Out of the box innovations at science meet
Posted on Feb 04 2014 | IANS
By Shweta Sharma, Jammu, Feb 4 : An urge to help the disabled led a 13-year-old to create a "multipurpose crutch" - which has a torch, a horn, foldable planks that can be used to sit or create a table and an umbrella holder. The teenager was among many students at a science meet here showcasing various solutions to the country's problems.
"On seeing the physically challenged walk on crutches, I used to think about their mobility problems. Also, the restrictions they have to comply with in crowded areas, and how they cannot sit after a long day of walking," Keshav Kashyap told IANS.
In his bid to help the often-neglected section of the society be at par with others, Kashyap, a Class 10 student of Iqra Secondary School in Rajasthan, created his multi-function crutch.
"It cost me Rs.250 to make this wooden model. Using the horn, the disabled can alert others on roads, use the umbrella when it rains, and easily sit and eat their food at a convenient place using the planks attached to the crutch," the teenager said.
Like Kashyap, many students from over 40 schools from across India are participating at the ongoing 101st Indian Science Congress here.
The shortage of energy in rural areas led Sanal Roy and his team to create a pollution-free, inexpensive and easily accessible "Portable Biogas Plant".
"Our project is a prototype mini biogas plant which works with vegetative biomass and kitchen waste as raw material. With two kg of kitchen waste as feed, the plant can release about two cubic metres (or 2,000 litres) of biogas," Roy, a Class 8 student of Dhanbad Public School, told IANS.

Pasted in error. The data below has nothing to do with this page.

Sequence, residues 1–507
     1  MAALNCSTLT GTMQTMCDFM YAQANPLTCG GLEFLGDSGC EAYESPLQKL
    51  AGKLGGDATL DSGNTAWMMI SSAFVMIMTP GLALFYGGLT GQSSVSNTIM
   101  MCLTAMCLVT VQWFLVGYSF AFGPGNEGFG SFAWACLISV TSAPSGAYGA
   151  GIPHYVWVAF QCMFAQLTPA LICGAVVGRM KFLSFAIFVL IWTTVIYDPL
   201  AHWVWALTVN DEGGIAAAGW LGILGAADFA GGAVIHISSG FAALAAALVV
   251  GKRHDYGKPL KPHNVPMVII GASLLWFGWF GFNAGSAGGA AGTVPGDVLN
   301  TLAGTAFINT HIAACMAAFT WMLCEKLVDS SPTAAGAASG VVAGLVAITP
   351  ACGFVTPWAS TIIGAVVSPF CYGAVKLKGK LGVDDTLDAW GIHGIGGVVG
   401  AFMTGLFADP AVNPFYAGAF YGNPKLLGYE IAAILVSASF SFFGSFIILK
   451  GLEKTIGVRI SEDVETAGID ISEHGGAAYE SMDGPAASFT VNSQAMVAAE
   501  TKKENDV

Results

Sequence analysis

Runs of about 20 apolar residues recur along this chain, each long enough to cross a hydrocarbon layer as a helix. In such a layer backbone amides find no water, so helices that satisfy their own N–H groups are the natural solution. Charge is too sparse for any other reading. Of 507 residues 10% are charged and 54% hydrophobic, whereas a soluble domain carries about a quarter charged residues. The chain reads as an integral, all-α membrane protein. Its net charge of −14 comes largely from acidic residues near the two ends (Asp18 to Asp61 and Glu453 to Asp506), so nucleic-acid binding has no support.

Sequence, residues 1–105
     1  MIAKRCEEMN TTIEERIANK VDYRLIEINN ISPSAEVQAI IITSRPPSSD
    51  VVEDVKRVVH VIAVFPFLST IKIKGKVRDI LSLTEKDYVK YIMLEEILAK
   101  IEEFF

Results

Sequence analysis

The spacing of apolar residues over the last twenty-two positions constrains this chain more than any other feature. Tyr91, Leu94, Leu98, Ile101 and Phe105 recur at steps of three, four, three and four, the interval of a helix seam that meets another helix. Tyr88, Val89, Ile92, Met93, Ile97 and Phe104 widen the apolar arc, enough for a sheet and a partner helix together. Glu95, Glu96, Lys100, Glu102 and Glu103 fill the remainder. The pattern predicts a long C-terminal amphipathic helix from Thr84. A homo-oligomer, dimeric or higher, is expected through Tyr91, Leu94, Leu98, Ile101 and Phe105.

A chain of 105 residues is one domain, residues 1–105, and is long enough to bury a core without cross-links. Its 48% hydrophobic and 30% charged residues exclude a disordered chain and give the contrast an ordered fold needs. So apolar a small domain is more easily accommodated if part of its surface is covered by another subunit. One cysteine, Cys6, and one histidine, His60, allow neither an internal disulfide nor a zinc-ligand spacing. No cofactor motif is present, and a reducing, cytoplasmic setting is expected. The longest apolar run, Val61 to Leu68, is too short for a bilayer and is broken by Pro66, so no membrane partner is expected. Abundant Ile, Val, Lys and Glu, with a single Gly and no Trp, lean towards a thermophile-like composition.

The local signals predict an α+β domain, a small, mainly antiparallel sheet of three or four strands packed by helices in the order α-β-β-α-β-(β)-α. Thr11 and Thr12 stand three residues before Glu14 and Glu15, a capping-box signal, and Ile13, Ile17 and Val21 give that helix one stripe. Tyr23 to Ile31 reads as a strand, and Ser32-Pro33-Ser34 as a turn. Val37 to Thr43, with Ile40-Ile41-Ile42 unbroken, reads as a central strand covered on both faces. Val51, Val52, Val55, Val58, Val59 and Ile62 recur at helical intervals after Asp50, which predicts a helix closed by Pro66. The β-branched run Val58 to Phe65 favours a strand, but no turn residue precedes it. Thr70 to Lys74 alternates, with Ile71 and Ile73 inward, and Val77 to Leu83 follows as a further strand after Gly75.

Explaining further, Bandita Majumdar, a science teacher at the school, said the idea germinated after a survey near Govindpur village area in Dhanbad.
"On visiting the area, we realised that women burn coal to prepare their meals. Coal is extremely harmful and can cause a number of respiratory diseases, apart from causing air pollution," she said.
The biogas model is cost efficient and can be prepared at a price of Rs.3,000-4,000, she said.
With the exhibition centre brimming with activity, and students busy explaining their models to inquisitive onlookers, 14-year-old Shivali Parik was eagerly looking forward to explain her concept to this IANS correspondent.
"Our team intends to use banana peels for the production of bio-plastic as a replacement of the traditional petroleum-based plastic," said Parik, a Class 9 student of Aditya Birla Public School in Madhya Pradesh.
With the "Energy Conservator" project, Parik and her friends intend to conserve energy, and use renewable raw material that is eco-friendly in nature.
"We used starch of the banana peel, and soaked it in some chemicals and additives to create the bio-plastic. With the help of our teacher and further surveys, we realised that banana peels (and many other renewable biomass) can be used for production of bioplastic on a commercial scale," she told IANS.
Parik hoped that the idea gets implemented soon and helps reduce the use of "harmful" plastic in the country.
Harmanpreet Kour, a college student visiting the exhibition, said the students were making an effort to find a solution for the problems that plague the country.
"I have learnt so much talking to these children here. We adults just complain about the problems and let them be. These children are actually making an effort to battle the problems," she said.
"I am happy to have come here and meet such talent," she added.
(Shweta Sharma can be contacted at firstname.lastname@example.org)